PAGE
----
Urban Green

Support New York City's leading advocate for urban sustainability.





RESEARCH


Events Calendar




From the Blog


Search this site



Research

Baby It's Cold Inside

Can NYC Buildings Protect Us from Severe Weather During Blackouts?

What if a Superstorm Sandy-level blackout had occurred during a winter cold spell or summer heat wave? Without electricity, indoor temperatures are dependent on whatever protection is provided by a building’s walls, windows, and roof. Only some of our existing buildings are constructed well enough to maintain their indoor temperatures without power. But to protect all New Yorkers, these resilient, high-performing buildings must become the new normal.

VIEW or DOWNLOAD the full report

 

 

 

 

Seduced by the View

A Closer Look at All-Glass Buildings

Seduced by the View looks at the question: do tenants who live and work in all-glass buildings actually take advantage of the glass by keeping their blinds open? We found that on average, 59% of the window area was covered by blinds or shades. And over 75% of buildings had more than half of their window area covered.

 

 

 

VIEW or DOWNLOAD the the full report (Released December 6, 2013)
READ the story on the Daily News (December 6, 2013)
READ our take on our blog

 

 

 

90 BY 50

NYC Can Reduce Its Carbon Footprint 90% By 2050

The greatest obstacle to a responsible approach to climate change mitigation is a sense that the problem is insoluble. Urban Green Council’s latest research report, 90 by 50, demonstrates that the emission reductions required are in fact possible using technologies that are known and in almost all cases currently available, and that the cost is manageable from a citywide perspective.

Take a look at Slate's in-depth story here.  More press here.

Missed our event 90 by 50: A Path to Deep CO2 Emissions in NYC on February 28, 2013? See the presentation here.

 

DOWNLOAD the full report. 
VIEW the full report online.
(Released February 14, 2013; errors in Tables 2.1, 4.2, 5.1, 5.2, 7.1 and 8.1 corrected on September 11, 2013) 

THERE ARE HOLES IN OUR WALLS

A Study of the Impact of Building Envelope Penetrations on Thermal Performance

Conducted by Steven Winter Associates for Urban Green Council, There Are Holes In Our Walls found that the average room air conditioner leaks as much air as a six square inch hole—and increases total annual heating costs by $130-$180 million in New York City alone. 

More surprisingly, the leaks account for 1% of citywide greenhouse gas emissions. 

“This study proves out what we suspected: that the air conditioners sticking out of windows and through walls across the country are costing us far more than their summer electricity bills,” said Russell Unger, Executive Director of Urban Green Council. “We have energy codes that require buildings to use efficient windows, insulation and limit air leakage. But then we go around putting holes in those insulated walls or cranking open those efficient windows to insert an AC unit with flimsy plastic extenders. Federal regulations overlook this problem, worrying only about how much energy AC units use when plugged in and operating.”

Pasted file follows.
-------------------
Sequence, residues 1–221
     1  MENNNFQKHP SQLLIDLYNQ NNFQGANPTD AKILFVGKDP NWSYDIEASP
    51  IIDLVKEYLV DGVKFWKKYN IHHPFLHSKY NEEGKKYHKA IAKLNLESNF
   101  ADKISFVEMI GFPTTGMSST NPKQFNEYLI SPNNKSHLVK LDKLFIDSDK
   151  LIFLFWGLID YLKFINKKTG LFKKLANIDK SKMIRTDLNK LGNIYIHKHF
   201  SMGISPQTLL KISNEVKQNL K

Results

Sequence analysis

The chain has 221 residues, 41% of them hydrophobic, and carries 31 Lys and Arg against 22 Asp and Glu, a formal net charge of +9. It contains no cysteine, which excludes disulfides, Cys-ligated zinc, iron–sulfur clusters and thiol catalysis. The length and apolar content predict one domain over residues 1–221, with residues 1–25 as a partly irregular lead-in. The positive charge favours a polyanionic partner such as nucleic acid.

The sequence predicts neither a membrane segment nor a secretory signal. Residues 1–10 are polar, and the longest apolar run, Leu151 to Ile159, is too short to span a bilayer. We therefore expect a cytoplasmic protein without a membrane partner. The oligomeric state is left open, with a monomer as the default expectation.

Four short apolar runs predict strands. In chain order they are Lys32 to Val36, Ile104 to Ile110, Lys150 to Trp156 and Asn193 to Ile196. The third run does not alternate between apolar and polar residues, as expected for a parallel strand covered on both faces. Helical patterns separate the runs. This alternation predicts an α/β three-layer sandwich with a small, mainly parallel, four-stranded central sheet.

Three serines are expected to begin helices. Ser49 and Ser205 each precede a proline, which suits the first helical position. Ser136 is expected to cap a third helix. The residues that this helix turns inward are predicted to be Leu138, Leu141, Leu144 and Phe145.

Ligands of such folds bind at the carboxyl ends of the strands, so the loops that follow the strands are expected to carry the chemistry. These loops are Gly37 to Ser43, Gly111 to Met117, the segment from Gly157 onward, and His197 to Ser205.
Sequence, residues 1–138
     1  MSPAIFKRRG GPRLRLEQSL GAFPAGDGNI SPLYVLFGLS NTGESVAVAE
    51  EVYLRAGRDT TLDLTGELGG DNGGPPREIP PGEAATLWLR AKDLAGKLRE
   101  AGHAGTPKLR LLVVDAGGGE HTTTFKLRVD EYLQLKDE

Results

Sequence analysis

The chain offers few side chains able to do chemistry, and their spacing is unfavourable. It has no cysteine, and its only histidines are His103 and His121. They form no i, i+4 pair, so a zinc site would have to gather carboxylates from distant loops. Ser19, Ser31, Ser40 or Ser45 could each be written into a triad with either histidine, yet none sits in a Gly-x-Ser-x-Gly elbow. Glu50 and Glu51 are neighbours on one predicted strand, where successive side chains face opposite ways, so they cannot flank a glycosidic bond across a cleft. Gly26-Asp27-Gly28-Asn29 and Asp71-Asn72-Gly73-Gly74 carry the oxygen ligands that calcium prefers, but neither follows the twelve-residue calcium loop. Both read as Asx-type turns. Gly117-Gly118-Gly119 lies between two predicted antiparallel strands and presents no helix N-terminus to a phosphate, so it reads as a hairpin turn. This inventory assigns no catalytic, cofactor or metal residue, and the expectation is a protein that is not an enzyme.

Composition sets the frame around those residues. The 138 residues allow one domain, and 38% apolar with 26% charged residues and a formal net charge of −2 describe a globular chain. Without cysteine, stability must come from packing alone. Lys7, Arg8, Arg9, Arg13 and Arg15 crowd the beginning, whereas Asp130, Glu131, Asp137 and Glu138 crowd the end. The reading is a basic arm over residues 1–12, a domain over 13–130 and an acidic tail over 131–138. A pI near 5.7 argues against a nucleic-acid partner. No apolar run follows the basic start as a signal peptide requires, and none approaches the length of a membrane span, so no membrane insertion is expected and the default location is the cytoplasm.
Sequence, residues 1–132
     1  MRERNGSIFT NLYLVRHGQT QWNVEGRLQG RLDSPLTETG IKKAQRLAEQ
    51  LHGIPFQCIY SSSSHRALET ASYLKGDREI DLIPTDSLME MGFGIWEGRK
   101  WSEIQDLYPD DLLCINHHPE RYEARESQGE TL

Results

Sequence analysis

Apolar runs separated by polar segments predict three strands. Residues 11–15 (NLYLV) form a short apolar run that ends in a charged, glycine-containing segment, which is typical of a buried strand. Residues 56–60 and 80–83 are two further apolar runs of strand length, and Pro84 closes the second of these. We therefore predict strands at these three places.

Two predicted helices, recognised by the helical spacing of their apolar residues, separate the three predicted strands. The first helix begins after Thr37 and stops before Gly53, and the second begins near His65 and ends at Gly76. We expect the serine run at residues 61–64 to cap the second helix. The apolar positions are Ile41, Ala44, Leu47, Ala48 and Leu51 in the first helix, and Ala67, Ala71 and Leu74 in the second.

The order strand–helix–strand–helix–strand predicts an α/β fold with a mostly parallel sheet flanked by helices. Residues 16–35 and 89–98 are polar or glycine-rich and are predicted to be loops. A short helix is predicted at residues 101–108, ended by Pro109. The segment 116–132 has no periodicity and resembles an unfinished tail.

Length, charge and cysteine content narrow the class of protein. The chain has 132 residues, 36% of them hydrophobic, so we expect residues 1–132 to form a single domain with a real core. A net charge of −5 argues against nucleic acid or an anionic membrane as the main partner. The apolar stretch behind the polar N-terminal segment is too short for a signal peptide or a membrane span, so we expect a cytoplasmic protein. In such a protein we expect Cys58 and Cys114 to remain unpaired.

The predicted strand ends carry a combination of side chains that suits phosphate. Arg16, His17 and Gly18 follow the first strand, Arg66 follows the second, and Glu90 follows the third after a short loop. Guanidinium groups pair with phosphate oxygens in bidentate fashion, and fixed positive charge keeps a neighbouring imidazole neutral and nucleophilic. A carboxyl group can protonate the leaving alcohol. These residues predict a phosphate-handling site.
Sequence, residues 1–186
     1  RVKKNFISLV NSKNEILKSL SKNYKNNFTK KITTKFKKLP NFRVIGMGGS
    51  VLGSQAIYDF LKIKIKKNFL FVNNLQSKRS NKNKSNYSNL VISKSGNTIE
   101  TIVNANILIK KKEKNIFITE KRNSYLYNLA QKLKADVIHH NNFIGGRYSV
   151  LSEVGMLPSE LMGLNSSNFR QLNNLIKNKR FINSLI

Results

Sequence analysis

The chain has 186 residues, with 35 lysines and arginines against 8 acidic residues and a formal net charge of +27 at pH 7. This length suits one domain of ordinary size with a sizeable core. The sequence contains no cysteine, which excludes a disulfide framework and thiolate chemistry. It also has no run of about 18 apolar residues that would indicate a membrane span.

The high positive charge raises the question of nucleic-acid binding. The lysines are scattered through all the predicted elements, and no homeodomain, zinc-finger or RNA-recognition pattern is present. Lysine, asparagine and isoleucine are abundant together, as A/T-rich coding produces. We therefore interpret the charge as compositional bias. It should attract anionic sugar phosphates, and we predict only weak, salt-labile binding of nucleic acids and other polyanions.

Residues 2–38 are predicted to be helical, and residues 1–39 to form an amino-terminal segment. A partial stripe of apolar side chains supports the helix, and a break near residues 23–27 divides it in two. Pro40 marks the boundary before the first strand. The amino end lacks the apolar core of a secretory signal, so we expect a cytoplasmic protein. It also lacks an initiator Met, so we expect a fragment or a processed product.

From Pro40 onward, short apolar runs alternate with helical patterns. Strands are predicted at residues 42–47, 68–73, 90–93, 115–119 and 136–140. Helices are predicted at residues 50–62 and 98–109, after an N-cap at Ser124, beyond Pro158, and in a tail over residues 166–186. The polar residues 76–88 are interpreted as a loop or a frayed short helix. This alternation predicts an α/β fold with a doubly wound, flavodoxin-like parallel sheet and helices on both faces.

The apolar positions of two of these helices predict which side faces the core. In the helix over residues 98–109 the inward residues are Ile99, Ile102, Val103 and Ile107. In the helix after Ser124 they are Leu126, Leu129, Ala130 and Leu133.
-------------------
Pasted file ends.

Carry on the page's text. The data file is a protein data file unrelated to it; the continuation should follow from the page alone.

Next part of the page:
“The strength of this study is that it’s based on real world testing,” said Marc Zuluaga, Senior Engineer at Steven Winter Associates and lead researcher on the report. “We looked at 16 installations across 11 buildings and the numbers speak for themselves. We’ve shown the order of magnitude of this problem and it’s a significant one.” 

The report concludes with recommendations to policy makers and manufacturers on how to address this problem. Read the complete report for details. 

DOWNLOAD the full report. (Released April 14, 2011) 
Read the story on the New York Times. (April 14, 2011) 
Read our take on our blog. 

COST OF GREEN IN NYC

In 2009, Urban Green Council released the Cost of Green in NYC, a data-based study conducted in conjunction with Davis Langdon and with support from NYSERDA and Urban Green Council Members.

This report examines recent construction projects in New York City in order to determine whether or not sustainability adds to project costs, and, if so, how much.

The study found no significant difference in the cost per square foot between green and non-green buildings, based on analysis of luxury high-rise residential and commercial interior projects.

DOWNLOAD the full report.
ACCESS the full report online.


Share